For a Third Republic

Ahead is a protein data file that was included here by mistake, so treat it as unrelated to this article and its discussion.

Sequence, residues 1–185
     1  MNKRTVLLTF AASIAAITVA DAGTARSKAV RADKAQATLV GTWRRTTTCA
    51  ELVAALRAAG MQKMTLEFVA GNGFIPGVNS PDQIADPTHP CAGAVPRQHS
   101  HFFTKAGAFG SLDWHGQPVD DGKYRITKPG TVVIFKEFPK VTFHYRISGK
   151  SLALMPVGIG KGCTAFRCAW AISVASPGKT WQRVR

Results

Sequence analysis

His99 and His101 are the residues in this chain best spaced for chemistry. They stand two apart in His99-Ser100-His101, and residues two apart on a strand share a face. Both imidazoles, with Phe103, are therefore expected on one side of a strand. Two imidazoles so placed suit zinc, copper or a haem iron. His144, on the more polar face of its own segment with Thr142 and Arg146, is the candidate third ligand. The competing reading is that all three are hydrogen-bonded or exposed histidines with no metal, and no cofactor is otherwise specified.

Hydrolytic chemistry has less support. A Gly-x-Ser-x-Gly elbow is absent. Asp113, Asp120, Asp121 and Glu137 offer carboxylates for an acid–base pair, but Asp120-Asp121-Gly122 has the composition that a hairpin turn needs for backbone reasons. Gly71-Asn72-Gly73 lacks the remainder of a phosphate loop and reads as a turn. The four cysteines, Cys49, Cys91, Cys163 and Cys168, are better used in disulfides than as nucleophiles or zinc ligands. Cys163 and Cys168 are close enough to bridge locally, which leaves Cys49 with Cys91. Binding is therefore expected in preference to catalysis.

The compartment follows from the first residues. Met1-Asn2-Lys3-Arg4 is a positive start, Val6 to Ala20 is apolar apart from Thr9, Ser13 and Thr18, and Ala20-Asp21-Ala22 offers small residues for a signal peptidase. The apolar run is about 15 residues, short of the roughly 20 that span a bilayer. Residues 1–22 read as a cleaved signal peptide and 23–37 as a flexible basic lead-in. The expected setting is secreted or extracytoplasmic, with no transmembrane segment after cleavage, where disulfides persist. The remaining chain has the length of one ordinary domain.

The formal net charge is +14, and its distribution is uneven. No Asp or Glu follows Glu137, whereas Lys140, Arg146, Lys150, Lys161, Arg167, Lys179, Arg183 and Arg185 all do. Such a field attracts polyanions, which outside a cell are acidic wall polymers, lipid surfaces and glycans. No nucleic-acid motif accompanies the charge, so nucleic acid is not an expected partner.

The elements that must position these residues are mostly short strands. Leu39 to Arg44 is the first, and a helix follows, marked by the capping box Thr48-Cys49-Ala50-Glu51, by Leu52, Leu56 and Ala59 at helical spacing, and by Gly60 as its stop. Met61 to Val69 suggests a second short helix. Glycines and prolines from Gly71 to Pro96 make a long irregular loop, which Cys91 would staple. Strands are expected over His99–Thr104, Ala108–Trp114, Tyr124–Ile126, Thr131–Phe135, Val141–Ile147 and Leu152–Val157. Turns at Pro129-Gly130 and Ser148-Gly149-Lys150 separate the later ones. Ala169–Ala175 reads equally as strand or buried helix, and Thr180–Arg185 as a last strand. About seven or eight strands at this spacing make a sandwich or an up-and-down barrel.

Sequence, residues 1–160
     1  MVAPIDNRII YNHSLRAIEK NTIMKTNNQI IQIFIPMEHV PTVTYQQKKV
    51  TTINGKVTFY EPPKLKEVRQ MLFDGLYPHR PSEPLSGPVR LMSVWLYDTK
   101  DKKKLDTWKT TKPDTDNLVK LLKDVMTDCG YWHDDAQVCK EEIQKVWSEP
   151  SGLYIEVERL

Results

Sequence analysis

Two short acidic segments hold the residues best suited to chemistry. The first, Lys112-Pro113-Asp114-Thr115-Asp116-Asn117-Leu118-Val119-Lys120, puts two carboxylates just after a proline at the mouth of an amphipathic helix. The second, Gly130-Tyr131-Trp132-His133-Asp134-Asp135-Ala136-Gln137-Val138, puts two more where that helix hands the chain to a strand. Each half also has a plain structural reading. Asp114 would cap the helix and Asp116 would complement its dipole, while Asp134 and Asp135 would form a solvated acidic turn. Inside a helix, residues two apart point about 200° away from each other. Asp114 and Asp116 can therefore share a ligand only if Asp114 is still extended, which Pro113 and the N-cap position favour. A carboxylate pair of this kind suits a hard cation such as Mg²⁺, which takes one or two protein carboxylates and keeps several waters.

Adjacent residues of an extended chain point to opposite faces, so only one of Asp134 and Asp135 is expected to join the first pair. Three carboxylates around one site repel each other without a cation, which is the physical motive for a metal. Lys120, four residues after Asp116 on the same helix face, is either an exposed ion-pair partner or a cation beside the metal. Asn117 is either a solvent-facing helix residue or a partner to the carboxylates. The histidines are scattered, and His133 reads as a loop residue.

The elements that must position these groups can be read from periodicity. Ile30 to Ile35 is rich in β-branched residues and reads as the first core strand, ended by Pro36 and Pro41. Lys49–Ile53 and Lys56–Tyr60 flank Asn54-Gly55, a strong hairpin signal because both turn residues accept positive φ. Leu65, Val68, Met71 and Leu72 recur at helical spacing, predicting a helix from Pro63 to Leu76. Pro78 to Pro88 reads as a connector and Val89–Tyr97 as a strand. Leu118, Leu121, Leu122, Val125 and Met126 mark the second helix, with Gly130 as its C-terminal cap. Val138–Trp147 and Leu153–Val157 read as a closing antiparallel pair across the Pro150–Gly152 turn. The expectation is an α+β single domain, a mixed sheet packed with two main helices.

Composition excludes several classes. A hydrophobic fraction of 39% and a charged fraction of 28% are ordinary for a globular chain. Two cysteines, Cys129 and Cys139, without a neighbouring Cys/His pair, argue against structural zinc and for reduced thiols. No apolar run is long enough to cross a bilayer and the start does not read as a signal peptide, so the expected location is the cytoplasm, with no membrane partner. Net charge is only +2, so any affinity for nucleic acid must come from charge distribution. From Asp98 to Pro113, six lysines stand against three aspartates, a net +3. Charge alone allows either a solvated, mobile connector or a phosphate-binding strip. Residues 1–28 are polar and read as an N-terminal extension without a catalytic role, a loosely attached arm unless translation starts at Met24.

Italy is facing great upheavals. On March 14 up to three million people took to the streets of Rome against the Berlusconi government. On Tuesday April 16 there will be a general strike. Both events are aimed at stopping Berlusconi's attempt to revoke article 18 of the labour code, which covers unfair dismissal. But the crisis in Italian society goes much deeper than defence of a single aspect of labour law. Berlusconi is heading for a strategic confrontation with the working class in Italy. The future of the left - not only in Italy, but across Europe - is at stake. Fausto Bertinotti, general secretary of Rifondazione Comunista, said at the party's 5th Congress in Rimini last weekend: "Berlusconi is attempting to do what Reagan did to the air traffic controllers and what Thatcher did to the miners. Perhaps in Italy we can stop him." Yet comrade Bertinotti also pointed out that Berlusconi's choice of confronting the working class movement head on was not an inevitability. Many of the large capitalist firms (such as Fiat) are hesitant about this approach. Berlusconi could have chosen the model of Aznar in Spain to further entrench the unions in a tripartite corporatism. Instead he has chosen confrontation. Hence the general strike. Underlying these momentous events is the growing anti-capitalist movement, witnessed in the Genoa demonstrations of July 2001, the anti-war movement and - above all - a crisis of the Second Republic. Born out of the collapse of the First Republic in the early 1990s, the new order carried with it widespread expectation that it would do away with the deep corruption throughout society that effectively ended the political compromise in Italy between Christian Democracy and the Socialist Party. This compromise was reached after the collapse of fascism and the monarchy at the end of World War II. In 1945, after the execution of Mussolini by communist partisans, King Vittorio Emmanule III abdicated in favour of his son, Umberto II, in an attempt to save the monarchy. Emmanule had been king since 1900 and was used by Mussolini as a figurehead for the fascist regime. Umberto left the country in 1946 after a referendum to end the monarchy was successful. The First Republic was born from below under the pressure of anti-fascist republicanism and the communist partisans. But the revolutionary movement was stopped short with the active connivance of the Stalinist CPI leadership. The constitution of the First Republic was deliberately designed to exclude western Europe's largest Communist Party from any share of power. The subsequent continuous shifts in the parliamentary alliances of the bourgeois parties created a legacy of corruption throughout Italy - organised crime, bribes and judicial impropriety brought the First Republic crashing down just over 10 years ago. Christian Democracy and the Socialist Party disappeared. The PCI majority turned itself into the social-democratised Party of the Democratic Left (PDS), and Rifondazione Comunista (PRC) was born. Alongside this, rightwing regional parties of the north and south came into being. And then there was billionaire Silvio Berlusconi's Forza Italia, perhaps the first political party initially run and created as a corporate entity. This was the political mosaic attending the birth of the Second Republic. The crisis of political corruption which brought down the First Republic was dubbed 'Tangentopoli' (Bribesville). It is something of an irony that the dominant political figure to rise within the Second Republic is Berlusconi - a man who built his fortune in the interstices of Tangentopoli. The Second Republic has met none of the expectations posed by the demise of its predecessor. It has neither rid the country of corruption nor established a viable two-party system. Moreover the judiciary and bureaucracy remain Kafkaesque. The centre-left around D'Alema's PDS must take prime responsibility for this half reform. The PDS had no clear constitutional programme and was overwhelmingly driven by the simple desire to get its feet under ministerial tables. To achieve that goal it rounded on the past. In this sense, the PDS helped create Forza Italia as a stable entity. Both parties joined to push through a referendum on electoral reform in the mid-1990s. The PDS and Berlusconi successfully linked the corruption scandals around former presidents Craxi and Andreotti with the proportional system of the First Republic. They easily won a referendum for first-past-the-post elections. PDS manoeuvres in the bicameral constitutional convention thus underlined the rehabilitation of Berlusconi, who was driven from power in 1994 under his own cloud of scandal and corruption. Yet the PDS-led government of Prodi, the banker, and D'Alema, the former communist, was discredited. D'Alema shunted Prodi off to the presidency of the European Commission. Constitutional reform was halted. There were no limits put on ownership of the media. Judges and prosecutors remained essentially in the same career path. The fight of the 'Milan pool' of prosecutors against Mafia corruption had been partially successful, but was not seen to go all the way. Andreotti was eventually acquitted of the most extreme charges of corruption. Now back in power, Berlusconi is attempting to change the law to cover his financial dealings. D'Alema had come to power in 1995 promising the 'normalisation' of Italian politics. Indeed, that was the name given to the PDS manifesto Un paese normale - a normal country. One plank of this 'normalisation' was adherence to the Maastricht criteria for monetary union which D'Alema and Prodi achieved, much to the surprise of European central bankers. Of course Italian society is a 'normal' bourgeois democracy in the sense that it is far from being fully democratic. Not only has proportional representation been overthrown but the legal system is a mix of a fascist-derived legal code and arbitrary powers. There is no habeus corpus. Anyone can be imprisoned without charge for over three years, under 'preventative detention' - a category which accounts for more than half the prison population in the country. Another aspect of 'normalisation' was the open support of the PDS government for the imperialist adventure in the Balkans. Italy became Nato's runway for the bombing of Serbia. Within 'normalisation' came an ever-growing confusion amongst the PDS's traditional proletarian base. This benefited the left. It also benefited Berlusconi. He gathered his forces and transformed Forza Italia from a company logo into an effective party capable of sinking social roots. Unfortunately, Rifondazione did not maintain a clear class demarcation from the debacle of the centre-left PDS in power. While never joining the government, Rifondazione did allow its votes in the lower house to be used in support of the Ulvio (Olive Tree) coalition in government. This crippled its ability to fight for an independent class position. Since then, the PRC leadership has criticised this period. However, it maintains an ambivalent orientation to the centre-left and the PDS. In this sense Communist Refoundation and its leadership is almost classically centrist, albeit moving to the left under the pressure of the mass movement of anti-capitalism and the reawakening giant of the Italian working class. This constitutional crisis is the backdrop to the impending confrontation between classes in the current political situation. It is what Bertinotti called in his final address to congress an "extraordinary novelty of events". Centred around a fight for workers' rights against unfair dismissal, a decisive battle between the trade unions and the government is set to happen. As comrade Bertinotti said, "There is no compromise possible in this fight. We either win or lose." Comrade Bertinotti said there are two possible ways to lose. Either in an all-out confrontation à  la "Scargill and the British miners", or you get lost in ever more confusing circles of manoeuvre. In this he cited the unsuccessful 1984 struggle against the Socialist Party government of Craxi to defend the sliding scale of wages (scala mobile). The Rifondazione leadership has correctly identified the struggle to defend article 18 not only as a strategic class confrontation but also as part of broader international developments. Comrade Bertinotti identifies Berlusconi's attack on the working class as part of the neoliberal authoritarianism of the globalised world order. Hence he is offering a political solution and linking the struggle of the working class with the burgeoning anti-capitalist movement. It is this link which the Trotskyist left opposition around Marco Ferrando fails to grasp. Disarmed by economism, they can only make formally correct yet abstract criticisms of Bertinotti's relationship with the centre-left, his ambiguous orientation to the new social movement and his centrism. At least Bertinotti has understood the role of democracy. In his opening address to the PRC congress, he proclaimed: "Stalinism is incompatible with communism." He paused and went on: "This is worth repeating: Stalinism is incompatible with communism." He emphasised that Berlusconi was not fascism reborn, but an authoritarian and xenophobic defender of neoliberalism. He quoted Lelio Basso from 1958, who wrote: "Democracy is not a spontaneous tendency of the evolution of capitalism. On the contrary, it only results from the pressure of the internal and subaltern class forces within capitalism. Capitalism, particularly in the period of monopoly, has a spontaneous tendency against democracy." Bertinotti claimed this quote for its relevance today and added: "Under modern capitalism, democracy is an empty shell. It is mere formulas and rituals in a secular mass." Underlining this, he went on: "Our opponents will always try to destroy our democratic achievements or will attempt to empty them of their content." Thus armed with the banner of democracy, Bertinotti has skilfully positioned himself against both his Stalinite right wing and the economistic Trotskyist 'left'. Yet, as a centrist, he does not follow the logic of revolutionary democracy to its necessary conclusion. Many oppositionists during congress criticised comrade Bertinotti's approach to the general strike and the reborn workers' movement. How do we defeat Berlusconi? And when we do, what is to replace his government? These questions remain unanswered. Comrade Bertinotti has an admirable understanding of alienation under capitalism - inspired by the Italian autonomist tradition - and a supreme orator's skill. His description of the coming battle is inspiring: "A general strike of all the new labour movement "¦ part of globalisation and an answer to it"; "The general strike will overcome workers' 'loneliness' and isolation "¦ For one day, we will create a community of labour not directly exploited by capital"; "It will be a day of revenge and our way of occupying the future. It will build a living criticism of the capitalist economy"; "There will be a touch of creativity of self-government from below." Inspiring words, but what next? His speech emphasised the need to place social conflict at the centre of the communist programme. Yet the party remains in local coalitions with the PDS - indeed, the congress was opened by Paolo Gambutti - responsible for labour policy in the local Rimini, PDS-led administration. Comrade Bertinotti has no answer to the question: 'What next after the general strike?' Closing congress in a rhetorical flourish, he answered this with "Another general strike!" Although he grasps the strategic nature of the coming confrontation, he is unable to map out the way ahead. For parliament the proposal is "to move beyond good manners to political substance". Concretely, the PRC will aim to filibuster and upset Forza Italia's legislative programme. Second, Rifondazione is proposing a series of referenda - the constitution allows for these upon the submission of 500,000 signatures. If these are collected, the referenda will be on the extension of article 18 to include all workplaces (not just those of more than 15 employees, as at present); on the rule of law; on the rights of workers; and on environmental protection. These campaigns will be useful in turning the party out to the masses, but they are not the final word. Bertinotti identifies the electoral system as undemocratic, and wants to change it, but does not link it into a generalised alternative. The Rifondazione majority has no clear political alternative for the crisis of the Second Republic. Yet it is groping towards it. It is centrism moving left. 'One more general strike' will not see the birth of a revolution. Rifondazione Comunista needs to fight for a Third Republic under the hegemony of the working class. Instead, Bertinotti hides behind statements of "social and political contradictions" and "modes of oppression". He says: "Revolution is not just about taking power here and now like the storming of the Winter Palace." And he beats off the 'left' opposition, who rightly criticise his ambivalent relationship with the centre-left. "Don't ask me about the CGIL [the main trade union confederation] and the PDS. In a few a months time the entire political situation will be different." The Second Republic is in crisis. The main classes of Italy are set for a strategic confrontation. Italy - and the Italian working class - occupies a vitally important position in the European political arena. Rifondazione Comunista needs to fight for a Third Republic and take the lead of reshaping the European left . Marcus Ström * http://www.rifondazione.it